I have provided below a preliminary draft of the paper I will be presenting at the conference, as part of a panel discussing issues of Human Rights in Cuba.  The paper can also be downloaded by clicking  here.

Thursday, July 15, 2010

Corporate Law and Obligation to Respect Human Rights--Report of the Corporate Law Project

Vanessa Zimmerman, Legal Adviser to John Ruggie, the UN Special Representative on Business and Human Rights recently shared the results of a research project prepared under the mandate of the Special Representative of the UN Secretary-General on Business and Human Rights that examined whether and how corporate and securities law in more than 40 jurisdictions around the world currently foster corporate respect for human rights.  UN Special Representative John Ruggie: “Corporate Law Project: Overarching trends and observations” 
Ms. Zimmerman noted that, to her knowledge, this is the first in-depth, comparative study of the links between human rights and corporate and securities law. More than 20 leading corporate law firms from around the world participated in the research on a pro bono basis.  The Report starts with a brief Executive Summary (pages 1-3) and Annexes B and C set out the participating firms as well as the jurisdictions covered. Annex A provides the common research template upon which the firms were asked to base jurisdiction‐specific surveys. The template explores subjects such as incorporation and listing; directors’ duties; reporting; and stakeholder engagement. Ms. Zimmerman reminds us that  the report is strictly informational, it does not present views on legal and policy reform options in this area, nor does it independently assess the firms’ interpretation of existing law.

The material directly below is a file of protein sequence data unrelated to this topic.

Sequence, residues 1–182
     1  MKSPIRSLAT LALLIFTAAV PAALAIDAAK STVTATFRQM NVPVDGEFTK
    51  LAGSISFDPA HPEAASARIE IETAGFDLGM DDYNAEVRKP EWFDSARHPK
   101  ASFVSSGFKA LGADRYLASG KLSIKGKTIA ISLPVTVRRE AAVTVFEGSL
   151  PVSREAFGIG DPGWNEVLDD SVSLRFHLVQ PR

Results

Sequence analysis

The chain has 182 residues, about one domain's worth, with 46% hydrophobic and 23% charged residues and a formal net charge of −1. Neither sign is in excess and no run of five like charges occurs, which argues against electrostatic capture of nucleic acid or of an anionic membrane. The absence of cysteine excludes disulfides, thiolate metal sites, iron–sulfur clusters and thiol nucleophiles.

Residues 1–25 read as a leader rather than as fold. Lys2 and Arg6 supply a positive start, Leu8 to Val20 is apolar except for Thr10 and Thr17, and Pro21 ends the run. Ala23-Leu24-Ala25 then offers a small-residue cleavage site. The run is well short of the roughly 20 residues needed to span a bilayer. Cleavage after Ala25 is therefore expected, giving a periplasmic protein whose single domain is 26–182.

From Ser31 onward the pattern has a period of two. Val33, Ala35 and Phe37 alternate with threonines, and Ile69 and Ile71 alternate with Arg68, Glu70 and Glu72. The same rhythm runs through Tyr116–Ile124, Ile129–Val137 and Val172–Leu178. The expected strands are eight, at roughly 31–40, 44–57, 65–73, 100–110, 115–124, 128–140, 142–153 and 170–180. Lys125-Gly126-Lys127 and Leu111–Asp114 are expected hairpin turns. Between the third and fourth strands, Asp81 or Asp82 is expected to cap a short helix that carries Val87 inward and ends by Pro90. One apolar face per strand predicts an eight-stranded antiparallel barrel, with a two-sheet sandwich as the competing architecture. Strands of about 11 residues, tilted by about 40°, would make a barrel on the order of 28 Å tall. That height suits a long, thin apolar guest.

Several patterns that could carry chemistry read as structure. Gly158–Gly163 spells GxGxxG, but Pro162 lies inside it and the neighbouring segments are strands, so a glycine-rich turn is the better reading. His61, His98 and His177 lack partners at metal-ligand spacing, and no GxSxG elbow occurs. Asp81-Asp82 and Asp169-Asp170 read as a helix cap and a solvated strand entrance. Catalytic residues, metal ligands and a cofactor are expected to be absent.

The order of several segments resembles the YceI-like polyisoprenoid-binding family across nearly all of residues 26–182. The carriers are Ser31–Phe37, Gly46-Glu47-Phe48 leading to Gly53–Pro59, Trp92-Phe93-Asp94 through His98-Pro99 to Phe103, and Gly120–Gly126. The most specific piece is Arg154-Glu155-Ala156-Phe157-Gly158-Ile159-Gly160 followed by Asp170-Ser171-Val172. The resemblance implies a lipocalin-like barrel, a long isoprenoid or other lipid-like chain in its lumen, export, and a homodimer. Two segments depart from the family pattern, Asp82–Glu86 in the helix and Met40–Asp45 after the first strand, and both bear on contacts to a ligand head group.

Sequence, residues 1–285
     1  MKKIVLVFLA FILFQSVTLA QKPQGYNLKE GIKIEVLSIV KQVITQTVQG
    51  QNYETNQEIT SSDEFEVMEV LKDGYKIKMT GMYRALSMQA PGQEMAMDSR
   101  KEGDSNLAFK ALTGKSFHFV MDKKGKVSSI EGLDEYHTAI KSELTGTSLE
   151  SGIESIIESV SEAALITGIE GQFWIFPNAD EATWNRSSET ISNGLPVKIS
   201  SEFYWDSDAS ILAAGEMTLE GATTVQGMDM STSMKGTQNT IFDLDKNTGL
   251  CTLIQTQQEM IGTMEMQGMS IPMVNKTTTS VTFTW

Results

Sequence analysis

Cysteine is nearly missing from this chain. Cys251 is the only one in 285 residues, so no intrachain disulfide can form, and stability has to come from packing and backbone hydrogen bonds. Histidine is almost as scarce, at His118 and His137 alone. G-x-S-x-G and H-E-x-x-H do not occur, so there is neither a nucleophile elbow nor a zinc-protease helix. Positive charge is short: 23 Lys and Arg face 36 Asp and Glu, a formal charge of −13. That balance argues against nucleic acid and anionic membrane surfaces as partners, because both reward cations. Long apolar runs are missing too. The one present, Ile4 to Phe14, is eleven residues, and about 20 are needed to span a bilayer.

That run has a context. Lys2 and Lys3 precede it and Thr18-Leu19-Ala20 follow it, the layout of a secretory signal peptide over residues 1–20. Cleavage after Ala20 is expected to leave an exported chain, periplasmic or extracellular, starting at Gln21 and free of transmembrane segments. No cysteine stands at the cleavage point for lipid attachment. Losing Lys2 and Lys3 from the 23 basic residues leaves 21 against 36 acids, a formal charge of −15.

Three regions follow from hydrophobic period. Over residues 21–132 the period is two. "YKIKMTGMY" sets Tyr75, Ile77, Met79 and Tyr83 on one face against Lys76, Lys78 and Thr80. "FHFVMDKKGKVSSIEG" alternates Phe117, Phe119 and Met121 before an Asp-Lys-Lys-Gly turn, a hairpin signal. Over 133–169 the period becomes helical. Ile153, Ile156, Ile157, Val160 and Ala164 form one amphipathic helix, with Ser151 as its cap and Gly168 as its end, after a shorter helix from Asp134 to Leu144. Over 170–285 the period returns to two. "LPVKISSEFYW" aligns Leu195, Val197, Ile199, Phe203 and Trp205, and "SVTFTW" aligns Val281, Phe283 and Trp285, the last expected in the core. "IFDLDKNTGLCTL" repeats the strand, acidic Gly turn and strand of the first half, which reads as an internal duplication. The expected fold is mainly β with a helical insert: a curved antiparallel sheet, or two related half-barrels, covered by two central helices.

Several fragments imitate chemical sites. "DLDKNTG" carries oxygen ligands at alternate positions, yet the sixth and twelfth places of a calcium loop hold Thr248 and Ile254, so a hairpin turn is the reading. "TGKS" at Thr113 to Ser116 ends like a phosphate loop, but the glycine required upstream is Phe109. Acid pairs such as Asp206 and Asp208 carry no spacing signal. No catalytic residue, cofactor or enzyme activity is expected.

The conclusions are modestly heartening.  First, corporate law does recognize a limited obligation to take into account the human rights impacts of corporate activity.  But usually that obligation is derivative of the primary obligation to report all activity that might have a material impact on the financial condition of the company.  Since the focus of corporate law remains shareholder (or entity) wealth maximization, the focus of reporting is on financial impact rather than on the character of the actions themselves.  The Report provides a vivid reminder of the universality, power, and impact of the often ignored fundamental premise of corporate organization--the obligation maximize the welfare of the entity and its principal stakeholders (the providers of capital).  There have been modest movement to privilege the reporting of human rights specific actions, but those tend to be in a very early stage of development and hardly effective as a foundation for changes in corporate behavior.